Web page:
So much trouble in the world

Upheaval in conservative politics in New South Wales over abortion law; a pickle for Labor in Tasmania over a vacancy in state parliament; and suggestions of a looming state by-election in Victoria.

In New South Wales:

A row over a bill to decriminalise abortion is prompting murmurings about Gladys Berejiklian’s leadership just five months after she led the Coalition to an impressive election victory, with tremors that are being felt federally. The bill was introduced by independent MP Alex Greenwich, but its sponsors included the Berejiklian government’s Health Minister, Brad Hazzard. It was headed last week for passage through both houses of parliament, before Berejiklian bowed to conservative outrage by pushing back the final vote in the upper house by nearly a month. Claiming credit for this concession is Barnaby Joyce, whose high-profile interventions have angered his state Nationals colleagues, most of whom support the bill (prompting Mark Latham, who now holds a crucial upper house vote as a member of One Nation, to tar the party with the cultural Marxist brush). Following suggestions the party room had discussed expelling him from the party, Joyce said he would go of his own accord if four of them publicly called for him to do so. It doesn’t appear that is going to happen, but if it did, the government would be reduced from 77 seats in the House of Representatives out of 151, costing it its absolute majority on the floor.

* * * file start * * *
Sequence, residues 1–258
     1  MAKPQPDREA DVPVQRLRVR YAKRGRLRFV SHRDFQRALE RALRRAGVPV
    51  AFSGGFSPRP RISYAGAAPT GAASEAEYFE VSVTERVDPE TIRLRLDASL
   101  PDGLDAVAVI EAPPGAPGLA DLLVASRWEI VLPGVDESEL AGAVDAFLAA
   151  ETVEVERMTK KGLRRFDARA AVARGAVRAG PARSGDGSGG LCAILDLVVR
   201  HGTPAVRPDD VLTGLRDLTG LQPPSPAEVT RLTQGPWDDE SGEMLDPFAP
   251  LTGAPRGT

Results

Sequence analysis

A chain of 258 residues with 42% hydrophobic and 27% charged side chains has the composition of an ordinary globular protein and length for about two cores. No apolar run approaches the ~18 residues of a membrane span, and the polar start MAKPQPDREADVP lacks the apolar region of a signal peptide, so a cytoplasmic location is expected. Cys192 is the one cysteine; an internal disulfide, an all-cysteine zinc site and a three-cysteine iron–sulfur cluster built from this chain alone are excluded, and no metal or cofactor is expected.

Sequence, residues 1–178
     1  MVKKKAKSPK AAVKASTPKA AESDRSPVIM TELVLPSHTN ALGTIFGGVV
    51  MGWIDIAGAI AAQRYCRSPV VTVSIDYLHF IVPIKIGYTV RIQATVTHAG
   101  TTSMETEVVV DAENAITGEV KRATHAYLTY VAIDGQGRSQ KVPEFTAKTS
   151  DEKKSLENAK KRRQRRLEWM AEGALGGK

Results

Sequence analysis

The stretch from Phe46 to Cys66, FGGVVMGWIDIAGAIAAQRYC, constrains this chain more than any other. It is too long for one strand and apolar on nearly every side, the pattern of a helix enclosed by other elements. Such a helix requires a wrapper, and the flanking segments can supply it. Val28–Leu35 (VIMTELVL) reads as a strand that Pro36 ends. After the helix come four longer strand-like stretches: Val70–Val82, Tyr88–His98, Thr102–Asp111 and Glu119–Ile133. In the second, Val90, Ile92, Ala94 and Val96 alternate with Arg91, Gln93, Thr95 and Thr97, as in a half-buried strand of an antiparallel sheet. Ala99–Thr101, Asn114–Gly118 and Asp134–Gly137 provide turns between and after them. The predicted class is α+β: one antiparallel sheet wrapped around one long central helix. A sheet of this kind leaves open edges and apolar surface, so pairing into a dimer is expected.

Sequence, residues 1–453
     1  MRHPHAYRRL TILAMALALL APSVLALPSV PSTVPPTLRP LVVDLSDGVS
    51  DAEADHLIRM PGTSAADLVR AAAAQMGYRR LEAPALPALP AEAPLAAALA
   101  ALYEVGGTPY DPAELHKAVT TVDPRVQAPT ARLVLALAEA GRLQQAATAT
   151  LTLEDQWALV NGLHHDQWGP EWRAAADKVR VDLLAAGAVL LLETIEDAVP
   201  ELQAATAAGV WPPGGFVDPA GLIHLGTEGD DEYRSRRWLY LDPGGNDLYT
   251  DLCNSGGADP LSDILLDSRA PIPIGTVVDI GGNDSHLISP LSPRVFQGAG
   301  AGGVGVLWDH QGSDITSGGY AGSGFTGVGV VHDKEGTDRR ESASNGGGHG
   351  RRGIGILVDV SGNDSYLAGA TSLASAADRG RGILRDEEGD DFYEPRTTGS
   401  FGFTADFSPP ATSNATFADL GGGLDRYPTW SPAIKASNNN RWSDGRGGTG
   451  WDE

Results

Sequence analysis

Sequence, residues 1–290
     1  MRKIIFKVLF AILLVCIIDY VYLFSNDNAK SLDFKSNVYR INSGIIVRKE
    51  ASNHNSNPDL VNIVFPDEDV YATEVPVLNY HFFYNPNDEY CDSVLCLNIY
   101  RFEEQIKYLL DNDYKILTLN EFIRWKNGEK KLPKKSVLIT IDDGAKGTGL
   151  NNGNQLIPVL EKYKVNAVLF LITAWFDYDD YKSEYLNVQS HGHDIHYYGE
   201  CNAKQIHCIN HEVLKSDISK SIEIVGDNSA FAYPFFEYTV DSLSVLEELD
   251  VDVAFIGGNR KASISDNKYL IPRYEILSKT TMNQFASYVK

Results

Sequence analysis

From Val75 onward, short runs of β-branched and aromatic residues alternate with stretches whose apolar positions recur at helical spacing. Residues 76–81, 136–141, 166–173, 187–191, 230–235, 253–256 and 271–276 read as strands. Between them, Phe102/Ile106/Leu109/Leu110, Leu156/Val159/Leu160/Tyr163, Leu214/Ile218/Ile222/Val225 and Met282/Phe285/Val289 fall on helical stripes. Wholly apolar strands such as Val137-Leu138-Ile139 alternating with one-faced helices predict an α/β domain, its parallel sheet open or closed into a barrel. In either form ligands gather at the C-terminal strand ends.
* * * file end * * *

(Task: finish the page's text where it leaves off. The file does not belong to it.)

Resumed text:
In Tasmania: